Elevate Structure: reject the status-quo
Architecture and design is an industry that has the ability to embody sustainability across all areas, from sourcing of materials to how the physical form of a structure interacts and functions with space and nature.
The benefits of sustainability are instant in architecture, sustainable design is intrinsically sustainable, by this we mean that the perks of such design are so that it can completely change one’s mindset. Often our habitats and environments shape the way we think and can predetermine your outlook on the world.
So, there should be a great importance placed on how we design and build for the future. Some companies have recognised this and have brought some truly inspiring designs and builds to our planet. One of these companies is Elevate Structure, based in Silicon Valley, U.S.A, who were kind enough to speak to us about their origins and challenges. I spoke to Nathan Toothman, Co-Founder and CEO, to find out more
Q. What is the story behind Elevate Structure?
NT: I was at a pristine site on the North Shore of Oahu, Hawaii, with nests of beautiful ironwood trees where development was planned to occur, so the concept that flashed through my mind was a structure that blended in, didn’t interfere with the view plane, and would effectively disappear.
In a sense it was a desire for anti-architecture, since I knew that nothing good was going to be designed, and it turned out, when I went back three years later, all of the trees were cut down and shoddy homes were being built.
From that aesthetic concept it then evolved more from the engineering problem solving standpoint. We then referred back to an aesthetic standpoint and then back again to a technology driven standpoint all the while keeping commercial viability in mind. It’s lots of things at once that have combined to embody Elevate Structure, and we’re still trying to make sense of all of it.
In the photo: Construction of an Elevate Structure Credit: Elevate Structure
Q. How does Elevate Structure make an impact?
NT: Right now, as an early stage start-up, we’re pushing the bar higher in overall thinking, experimentation & prototyping with a few key early customers. However for a company to make a true impact such as ourselves, we are going to need support, especially with fundraising, so we’re seeking support from anyone interested in being involved, so please reach out if you are interested in what we are working on.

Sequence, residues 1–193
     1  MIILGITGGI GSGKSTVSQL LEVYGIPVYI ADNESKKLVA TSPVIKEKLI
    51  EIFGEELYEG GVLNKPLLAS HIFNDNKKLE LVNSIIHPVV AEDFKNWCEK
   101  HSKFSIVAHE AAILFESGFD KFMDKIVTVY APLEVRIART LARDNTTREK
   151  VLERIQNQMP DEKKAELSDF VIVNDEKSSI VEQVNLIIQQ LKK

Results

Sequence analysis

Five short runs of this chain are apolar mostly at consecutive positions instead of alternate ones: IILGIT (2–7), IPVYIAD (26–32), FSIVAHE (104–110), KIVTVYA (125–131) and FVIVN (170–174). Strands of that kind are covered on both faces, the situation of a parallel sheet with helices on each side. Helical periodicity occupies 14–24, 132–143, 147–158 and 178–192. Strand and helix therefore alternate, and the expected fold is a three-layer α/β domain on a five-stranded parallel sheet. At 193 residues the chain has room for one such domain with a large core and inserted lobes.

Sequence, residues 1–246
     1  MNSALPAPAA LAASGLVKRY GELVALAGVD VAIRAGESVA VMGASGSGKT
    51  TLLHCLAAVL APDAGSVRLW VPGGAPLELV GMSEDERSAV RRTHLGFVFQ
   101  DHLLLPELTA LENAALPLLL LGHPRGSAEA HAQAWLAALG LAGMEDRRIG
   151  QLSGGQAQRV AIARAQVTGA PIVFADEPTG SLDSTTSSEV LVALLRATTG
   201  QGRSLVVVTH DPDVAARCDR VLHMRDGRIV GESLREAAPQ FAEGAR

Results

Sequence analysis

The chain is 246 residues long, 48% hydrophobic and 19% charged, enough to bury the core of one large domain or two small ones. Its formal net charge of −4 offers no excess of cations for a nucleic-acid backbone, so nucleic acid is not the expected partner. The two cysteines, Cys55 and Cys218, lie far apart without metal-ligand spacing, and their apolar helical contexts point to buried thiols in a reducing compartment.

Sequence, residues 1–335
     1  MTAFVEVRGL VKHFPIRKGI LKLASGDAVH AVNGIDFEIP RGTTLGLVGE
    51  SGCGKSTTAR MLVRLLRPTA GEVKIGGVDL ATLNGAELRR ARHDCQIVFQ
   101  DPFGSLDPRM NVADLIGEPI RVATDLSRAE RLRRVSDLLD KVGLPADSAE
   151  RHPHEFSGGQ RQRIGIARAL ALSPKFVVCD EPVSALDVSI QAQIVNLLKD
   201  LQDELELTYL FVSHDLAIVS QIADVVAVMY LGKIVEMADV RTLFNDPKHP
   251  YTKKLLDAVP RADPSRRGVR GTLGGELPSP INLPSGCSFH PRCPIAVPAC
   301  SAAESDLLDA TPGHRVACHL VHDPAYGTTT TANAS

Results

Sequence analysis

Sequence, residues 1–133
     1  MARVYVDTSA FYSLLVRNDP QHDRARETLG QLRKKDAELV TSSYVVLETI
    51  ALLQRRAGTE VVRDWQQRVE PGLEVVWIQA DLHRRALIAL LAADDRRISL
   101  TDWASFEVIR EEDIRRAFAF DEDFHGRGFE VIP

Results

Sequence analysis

Q. How, in your opinion, can everyone contribute towards sustainable development?
NT: Reject the status-quo, throw it out, ignore everything you’ve heard and think bigger. Realize that you’re going to have to make some sacrifices to contribute to anything meaningful.
In the photo: A stunning tree-inspired bar Credit: Elevate Structure
Q. What changes would you wish to see in society and the economy as a whole?
NT:I’d like to see the pendulum swinging in a less extreme manner from right to left on the political spectrum, it has had an adverse effect on sustainability and the environment. Each time it swings to the other side, the extreme elements of that particular side want to naturally push it up as high as possible, not realising that it just makes it go higher on the other side when it inevitably reverses course.
What I’d like to see is those in the middle, being more objective and aware. As it is, millions and millions of moderate hands are slowing the momentum such that we aren’t reaching the goals we should be. Who know, with a few cycles of this we can possibly arrive at a more reasonable, balanced and sustainable approach to the world.
Q. What does sustainability mean to you and how does Elevate achieve that?
NT: Sustainable, green, energy efficient, renewable are words that get thrown about when we talk about the environment. By definition “sustain” means to “strengthen or support”, at Elevate we believe our primary responsibility is to “strengthen or support” the life of people. We gauge the success of our sustainable structures by its ability to be used by many different people in many different ways over a significant period of time. And it’s our belief that the only way we can meet those requirements is through transformation.